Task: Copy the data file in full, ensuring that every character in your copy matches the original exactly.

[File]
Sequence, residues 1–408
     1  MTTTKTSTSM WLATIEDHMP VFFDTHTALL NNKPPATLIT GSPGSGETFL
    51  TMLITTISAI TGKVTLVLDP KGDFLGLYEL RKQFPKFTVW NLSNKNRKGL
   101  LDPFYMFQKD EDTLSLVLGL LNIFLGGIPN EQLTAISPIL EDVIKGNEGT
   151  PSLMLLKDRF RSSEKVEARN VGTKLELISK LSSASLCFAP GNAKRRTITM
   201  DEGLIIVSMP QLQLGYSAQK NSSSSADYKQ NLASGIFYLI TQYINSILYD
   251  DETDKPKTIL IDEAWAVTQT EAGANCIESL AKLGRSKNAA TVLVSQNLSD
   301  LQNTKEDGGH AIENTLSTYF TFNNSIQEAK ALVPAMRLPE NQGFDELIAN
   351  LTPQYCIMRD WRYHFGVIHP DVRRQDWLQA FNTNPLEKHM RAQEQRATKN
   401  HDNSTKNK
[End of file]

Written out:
Sequence, residues 1–408
     1  MTTTKTSTSM WLATIEDHMP VFFDTHTALL NNKPPATLIT GSPGSGETFL
    51  TMLITTISAI TGKVTLVLDP KGDFLGLYEL RKQFPKFTVW NLSNKNRKGL
   101  LDPFYMFQKD EDTLSLVLGL LNIFLGGIPN EQLTAISPIL EDVIKGNEGT
   151  PSLMLLKDRF RSSEKVEARN VGTKLELISK LSSASLCFAP GNAKRRTITM
   201  DEGLIIVSMP QLQLGYSAQK NSSSSADYKQ NLASGIFYLI TQYINSILYD
   251  DETDKPKTIL IDEAWAVTQT EAGANCIESL AKLGRSKNAA TVLVSQNLSD
   301  LQNTKEDGGH AIENTLSTYF TFNNSIQEAK ALVPAMRLPE NQGFDELIAN
   351  LTPQYCIMRD WRYHFGVIHP DVRRQDWLQA FNTNPLEKHM RAQEQRATKN
   401  HDNSTKNK